David Pocock, from rugby to the Australian senate

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David Pocock

Canberra – Since 1975, the Australian capital Canberra has been represented by two senators in the federal parliament. For 47 years, the two available seats have always been shared between Labor and Liberals, the country’s two main parties.

This dualism was first broken a few days ago by former Australian national rugby player, David Pocock, who was elected as a freelancer with over a hundred thousand likes. He thus took the place of an experienced liberal candidate, Zed Seselja, who had been in office for nine years.

During his career, reaching the highest levels of professional rugby, Pocock had been an athlete like no other. From an early age, he combined his sporting commitments with an unusual interest in social and environmental issues.

At eighteen, he spent $1,000 received as match prizes to buy sleeping bags which he distributed to the homeless in Perth. In 2014, while playing for the Canberra Brumbies, he was arrested for chaining himself to work machinery in protest at the opening of a new coal mine in New York state. South Wales. When he got married, he did not register his marriage. .]until same-sex marriages were introduced. In the later years of his career, he had instead joined a fund that offset travel emissions incurred for sporting commitments by investing in solar parks in the state of Queensland.

Environmental commitment depends on its origins, as he has often said. Pocock indeed moved to Australia at the age of fourteen, having grown up among the citrus groves of Zimbabwe on the border with South Africa, where he was born. He had to leave the country with the rest of his family in the early 2000s, when Robert Mugabe, the former president and dictator of Zimbabwe, began land reform that led to the expropriation of farms from white citizens. The same, however, also happened in those years to Italian rugby player Sebastian Negri, born in Zimbabwe and then a refugee in South Africa.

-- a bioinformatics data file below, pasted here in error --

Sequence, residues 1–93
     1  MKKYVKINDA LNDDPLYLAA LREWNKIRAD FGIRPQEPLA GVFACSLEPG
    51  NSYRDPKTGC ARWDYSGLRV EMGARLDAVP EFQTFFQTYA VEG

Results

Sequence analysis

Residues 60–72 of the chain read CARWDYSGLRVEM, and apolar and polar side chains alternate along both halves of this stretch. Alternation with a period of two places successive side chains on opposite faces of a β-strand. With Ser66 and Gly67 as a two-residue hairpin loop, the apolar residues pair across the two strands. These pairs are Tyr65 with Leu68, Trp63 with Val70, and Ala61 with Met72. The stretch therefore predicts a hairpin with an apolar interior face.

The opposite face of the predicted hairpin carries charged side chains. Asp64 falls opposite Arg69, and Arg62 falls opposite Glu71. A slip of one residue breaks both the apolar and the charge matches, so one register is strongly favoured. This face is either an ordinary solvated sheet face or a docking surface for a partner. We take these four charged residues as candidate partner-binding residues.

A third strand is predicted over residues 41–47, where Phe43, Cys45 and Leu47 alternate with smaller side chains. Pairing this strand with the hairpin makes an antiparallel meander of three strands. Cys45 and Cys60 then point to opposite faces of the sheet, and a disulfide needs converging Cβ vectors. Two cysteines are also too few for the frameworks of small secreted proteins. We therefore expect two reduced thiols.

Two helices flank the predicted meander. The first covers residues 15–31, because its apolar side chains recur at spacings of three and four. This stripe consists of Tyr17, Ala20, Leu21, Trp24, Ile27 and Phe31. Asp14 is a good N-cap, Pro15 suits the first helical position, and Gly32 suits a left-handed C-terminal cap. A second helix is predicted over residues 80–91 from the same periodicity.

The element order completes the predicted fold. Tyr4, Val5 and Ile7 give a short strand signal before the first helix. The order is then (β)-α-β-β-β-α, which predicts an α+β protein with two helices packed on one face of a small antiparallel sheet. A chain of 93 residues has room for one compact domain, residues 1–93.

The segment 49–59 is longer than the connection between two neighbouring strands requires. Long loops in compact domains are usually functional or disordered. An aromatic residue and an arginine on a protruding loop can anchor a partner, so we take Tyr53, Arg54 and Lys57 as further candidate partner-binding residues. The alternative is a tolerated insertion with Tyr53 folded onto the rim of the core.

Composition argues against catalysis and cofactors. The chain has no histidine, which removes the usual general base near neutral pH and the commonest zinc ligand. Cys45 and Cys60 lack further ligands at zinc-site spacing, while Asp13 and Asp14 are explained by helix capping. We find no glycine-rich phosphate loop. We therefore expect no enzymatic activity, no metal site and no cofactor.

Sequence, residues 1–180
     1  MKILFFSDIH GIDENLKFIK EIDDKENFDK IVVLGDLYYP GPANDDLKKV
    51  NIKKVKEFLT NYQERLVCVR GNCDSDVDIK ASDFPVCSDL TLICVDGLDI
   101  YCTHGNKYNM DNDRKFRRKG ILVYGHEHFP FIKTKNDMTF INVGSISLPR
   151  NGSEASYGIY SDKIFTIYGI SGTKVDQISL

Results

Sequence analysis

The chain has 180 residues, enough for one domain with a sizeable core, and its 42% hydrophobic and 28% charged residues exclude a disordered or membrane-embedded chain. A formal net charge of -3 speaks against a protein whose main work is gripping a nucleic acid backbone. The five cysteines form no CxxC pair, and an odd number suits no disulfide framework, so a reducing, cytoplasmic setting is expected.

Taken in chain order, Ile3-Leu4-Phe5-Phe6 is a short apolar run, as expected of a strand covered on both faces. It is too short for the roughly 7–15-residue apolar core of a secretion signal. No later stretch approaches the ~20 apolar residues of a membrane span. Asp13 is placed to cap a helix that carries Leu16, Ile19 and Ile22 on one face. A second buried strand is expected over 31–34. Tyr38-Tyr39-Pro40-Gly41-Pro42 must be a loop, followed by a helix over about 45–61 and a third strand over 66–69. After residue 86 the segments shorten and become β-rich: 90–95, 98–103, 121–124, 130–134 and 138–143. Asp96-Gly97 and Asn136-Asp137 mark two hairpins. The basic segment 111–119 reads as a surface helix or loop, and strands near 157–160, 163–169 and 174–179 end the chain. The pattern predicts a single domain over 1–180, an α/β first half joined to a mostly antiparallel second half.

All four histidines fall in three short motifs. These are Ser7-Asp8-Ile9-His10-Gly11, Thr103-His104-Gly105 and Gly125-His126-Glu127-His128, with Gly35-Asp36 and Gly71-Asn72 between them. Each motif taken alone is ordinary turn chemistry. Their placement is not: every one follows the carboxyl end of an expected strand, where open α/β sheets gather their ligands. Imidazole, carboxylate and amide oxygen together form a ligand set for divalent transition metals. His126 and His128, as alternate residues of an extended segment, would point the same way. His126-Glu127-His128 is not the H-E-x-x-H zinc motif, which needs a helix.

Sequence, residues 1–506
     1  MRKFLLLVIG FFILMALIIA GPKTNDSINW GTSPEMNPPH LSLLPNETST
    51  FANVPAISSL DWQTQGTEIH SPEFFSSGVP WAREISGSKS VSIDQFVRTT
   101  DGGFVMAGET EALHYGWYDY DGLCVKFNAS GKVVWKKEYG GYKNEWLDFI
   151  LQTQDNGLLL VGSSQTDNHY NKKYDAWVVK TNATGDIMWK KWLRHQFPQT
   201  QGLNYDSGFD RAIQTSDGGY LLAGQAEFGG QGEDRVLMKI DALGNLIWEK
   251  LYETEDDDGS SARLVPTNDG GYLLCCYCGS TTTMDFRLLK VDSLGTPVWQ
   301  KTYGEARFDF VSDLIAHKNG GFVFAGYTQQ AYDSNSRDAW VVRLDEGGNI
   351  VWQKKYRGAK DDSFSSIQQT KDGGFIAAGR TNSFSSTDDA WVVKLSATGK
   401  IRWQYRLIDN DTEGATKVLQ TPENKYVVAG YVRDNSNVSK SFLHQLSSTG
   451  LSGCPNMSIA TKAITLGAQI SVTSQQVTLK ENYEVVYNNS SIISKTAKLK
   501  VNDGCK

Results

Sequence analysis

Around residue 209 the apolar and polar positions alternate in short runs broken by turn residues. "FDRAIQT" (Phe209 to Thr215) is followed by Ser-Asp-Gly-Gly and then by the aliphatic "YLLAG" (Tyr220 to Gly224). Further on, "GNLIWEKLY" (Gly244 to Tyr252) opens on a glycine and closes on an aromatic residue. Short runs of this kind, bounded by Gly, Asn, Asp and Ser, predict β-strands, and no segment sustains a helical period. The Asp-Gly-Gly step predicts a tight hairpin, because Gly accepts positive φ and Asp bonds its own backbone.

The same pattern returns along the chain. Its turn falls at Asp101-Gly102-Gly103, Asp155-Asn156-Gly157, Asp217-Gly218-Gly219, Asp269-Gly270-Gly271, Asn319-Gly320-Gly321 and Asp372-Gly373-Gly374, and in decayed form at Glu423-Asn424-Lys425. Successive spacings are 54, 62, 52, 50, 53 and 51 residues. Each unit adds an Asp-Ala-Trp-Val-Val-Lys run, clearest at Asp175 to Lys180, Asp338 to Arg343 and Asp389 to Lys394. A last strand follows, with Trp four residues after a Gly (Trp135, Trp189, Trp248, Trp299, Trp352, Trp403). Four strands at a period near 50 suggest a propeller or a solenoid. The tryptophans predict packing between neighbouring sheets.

Pocock obtained a visa from the Australian authorities and moved with his family to Brisbane on the east coast in 2002. He had already started playing rugby in Zimbabwe and moved to Australia, quickly becoming one of the most interesting players in the national scene. He made his debut at the age of eighteen in Super Rugby – the southern hemisphere championship – with the Western Force of Perth and at twenty-three he was named captain of Australia, with whom he played three World Cups, the last three years ago in Japan. .

Aided by a great physique and characterized by a style of play defined as “brutal” due to the propensity for confrontation and sacrifice, he was remembered as One of the biggest players in his role: open side flank. The same style of play, however, was also the cause of the many injuries suffered in his career which, especially in recent years, after two surgically reconstructed knees, forced him to retire after an experience in the Japanese championship. .

As a former player he had continued to deal with social issues – also returning to Africa – and his charity, Eighty Twenty Vision. Finally, between 2021 and 2022, it announces its candidacy for parliament with the campaign “From melee to the senate” focused on the defense of the territory and the reduction of emissions according to pre-established limits by 2030, on policies in favor of more accessible housing solutions at a lower cost of living, on women’s rights and in favor of a better national representation of Aboriginal Australians.

Out of more than twenty-three candidates for the seats in the so-called Australian Capital Territory (ACT), he was the only one to exceed one hundred thousand preferences. “For the first time, we have an independent voice representing our community in federal parliament. I will do my best to be available and responsible for all the citizens of the area in which I was elected,” he said after validating the results.

Source: ilpost

 

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